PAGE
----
Newspaper article Pittsburgh Post-Gazette (Pittsburgh, PA)

Longing for the Clouds to Lift

Newspaper article Pittsburgh Post-Gazette (Pittsburgh, PA)

Longing for the Clouds to Lift

Article excerpt

Spring fashions are popping up in stores, and television advertisements are featuring snowy landscapes that transform into beaches in a flash.

And for once, it doesn't seem as though everyone is rushing the season.

This has been a particularly mild winter, yet many residents of Western Pennsylvania are waiting for what feels like an extended fall to turn into full-blown spring.

Even though the temperatures have been above average this winter, Pittsburgh still has seen a lot of gray days, which can contribute to everything from general malaise to seasonal affective disorder.

In January and February, the region averages about 28 days per month with more than 50 percent cloud cover, and this year is no different: January had 27 such days, and February, too, has seen its share of gray skies.

And it's those soupy, dark, dreary days that can provoke depression.

Seasonal affective disorder is "an exacerbation of depressive symptoms that occur in the winter," according to Amanda M. Rush, a psychiatrist with Psychiatric Care Systems of McMurray who works at Monongahela Valley Hospital.

The symptoms of seasonal affective disorder, or SAD, are similar to those of typical depression -- fatigue, lack of energy, lack of motivation, increased appetite and lethargy.

The best course of treatment, according to Dr. Rush, is light.

"In other places, it's easy enough -- you just go outside," she said. "But in the Pittsburgh area, there's not a plethora of sunlight in the winter."

She said light box therapy, or phototherapy, is often prescribed for people diagnosed with seasonal affective disorder, either alone or in conjunction with antidepressants or vitamin D supplements.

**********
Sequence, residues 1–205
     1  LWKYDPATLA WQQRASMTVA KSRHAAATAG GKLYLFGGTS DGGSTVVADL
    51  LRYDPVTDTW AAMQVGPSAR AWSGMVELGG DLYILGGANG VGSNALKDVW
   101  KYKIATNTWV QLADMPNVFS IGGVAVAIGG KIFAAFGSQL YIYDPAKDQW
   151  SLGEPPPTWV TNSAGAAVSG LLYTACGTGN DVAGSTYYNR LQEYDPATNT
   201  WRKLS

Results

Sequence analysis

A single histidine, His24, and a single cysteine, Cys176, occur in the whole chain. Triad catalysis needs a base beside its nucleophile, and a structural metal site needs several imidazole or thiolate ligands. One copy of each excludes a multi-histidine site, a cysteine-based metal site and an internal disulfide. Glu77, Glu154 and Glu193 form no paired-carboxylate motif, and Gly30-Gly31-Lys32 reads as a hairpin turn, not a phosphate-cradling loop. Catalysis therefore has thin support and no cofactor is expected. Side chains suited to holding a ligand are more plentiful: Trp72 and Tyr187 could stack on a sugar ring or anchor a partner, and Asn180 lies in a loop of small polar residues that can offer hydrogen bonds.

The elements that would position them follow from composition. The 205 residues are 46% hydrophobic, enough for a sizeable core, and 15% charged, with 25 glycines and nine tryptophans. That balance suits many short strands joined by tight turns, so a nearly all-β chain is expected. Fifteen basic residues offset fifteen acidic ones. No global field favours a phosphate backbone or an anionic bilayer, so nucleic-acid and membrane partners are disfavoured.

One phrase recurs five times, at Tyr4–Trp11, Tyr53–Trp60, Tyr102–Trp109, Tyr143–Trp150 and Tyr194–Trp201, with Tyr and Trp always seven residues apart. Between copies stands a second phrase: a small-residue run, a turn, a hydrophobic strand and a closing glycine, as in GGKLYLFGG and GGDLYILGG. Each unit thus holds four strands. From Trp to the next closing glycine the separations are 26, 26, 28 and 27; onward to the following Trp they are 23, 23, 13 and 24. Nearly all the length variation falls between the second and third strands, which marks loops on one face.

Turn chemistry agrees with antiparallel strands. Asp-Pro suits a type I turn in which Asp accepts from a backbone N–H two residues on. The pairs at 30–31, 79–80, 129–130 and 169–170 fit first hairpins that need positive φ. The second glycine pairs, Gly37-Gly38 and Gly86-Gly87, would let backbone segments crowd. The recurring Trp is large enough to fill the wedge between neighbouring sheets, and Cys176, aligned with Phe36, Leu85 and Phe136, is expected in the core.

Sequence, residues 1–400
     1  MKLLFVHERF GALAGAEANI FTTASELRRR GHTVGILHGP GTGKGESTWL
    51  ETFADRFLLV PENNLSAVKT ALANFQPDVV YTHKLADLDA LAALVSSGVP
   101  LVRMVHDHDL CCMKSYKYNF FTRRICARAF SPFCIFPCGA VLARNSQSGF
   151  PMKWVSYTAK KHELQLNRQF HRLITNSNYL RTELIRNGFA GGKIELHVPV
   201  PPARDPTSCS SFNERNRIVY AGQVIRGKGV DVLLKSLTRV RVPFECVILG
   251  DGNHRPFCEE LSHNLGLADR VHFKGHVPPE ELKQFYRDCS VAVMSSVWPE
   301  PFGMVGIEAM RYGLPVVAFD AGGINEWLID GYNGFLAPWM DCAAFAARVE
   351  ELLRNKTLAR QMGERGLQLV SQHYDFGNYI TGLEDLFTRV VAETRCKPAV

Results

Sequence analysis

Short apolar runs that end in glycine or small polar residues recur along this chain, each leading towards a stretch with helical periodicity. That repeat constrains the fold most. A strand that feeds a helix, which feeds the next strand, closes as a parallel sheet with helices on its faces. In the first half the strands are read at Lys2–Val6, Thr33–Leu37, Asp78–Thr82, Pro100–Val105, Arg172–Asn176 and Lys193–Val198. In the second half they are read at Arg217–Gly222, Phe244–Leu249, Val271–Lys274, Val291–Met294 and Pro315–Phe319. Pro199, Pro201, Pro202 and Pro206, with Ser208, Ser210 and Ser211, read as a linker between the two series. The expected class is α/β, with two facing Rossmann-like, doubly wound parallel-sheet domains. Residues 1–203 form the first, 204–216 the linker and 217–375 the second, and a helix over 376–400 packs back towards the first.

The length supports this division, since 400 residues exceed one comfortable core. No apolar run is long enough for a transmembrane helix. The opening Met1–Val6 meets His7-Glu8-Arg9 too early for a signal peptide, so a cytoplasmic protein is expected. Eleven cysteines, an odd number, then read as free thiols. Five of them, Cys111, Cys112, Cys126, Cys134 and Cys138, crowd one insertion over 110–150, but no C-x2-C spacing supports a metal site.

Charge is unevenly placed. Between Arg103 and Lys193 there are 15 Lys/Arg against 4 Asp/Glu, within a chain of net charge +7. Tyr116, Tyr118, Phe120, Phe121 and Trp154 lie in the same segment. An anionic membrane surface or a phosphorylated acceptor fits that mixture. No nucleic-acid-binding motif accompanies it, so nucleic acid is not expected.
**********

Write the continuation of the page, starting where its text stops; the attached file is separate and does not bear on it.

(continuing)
Despite this winter's mild temperatures, the grayness is still all too prevalent on February days in Pittsburgh. Dr. Rush said that seasonal affective disorder is very common in Alaska; Anchorage, for example, gets only about 5.5 hours of daylight in December. But in Denver, where it can get very cold, SAD is less prevalent because of Colorado's clear skies.

Dr. Rush said even a long weekend to somewhere sunny could help with SAD symptoms.

"A big part of the reason people develop seasonal affective disorder is a lack of sunlight," she said. "Any sun exposure in the winter is better than none."

Soak up the sun

Phil Petrulli, a travel agent and owner of Holiday Travel International in North Huntingdon, said winter is a good time to vacation, but Pittsburghers usually stick around. Instead of going on vacation during the winter, most plan their dream vacations for summer. He said he's always busy in January booking summer trips.

"We just have an unusual market," he said. "People are dreaming about their vacations in the winter and making the arrangements."

Mr. Petrulli, who has been planning vacations for 46 years, said that a bus trip to seven national parks in seven states he advertised in December sold out in less than 30 days -- but travelers won't embark on the trip until April. …

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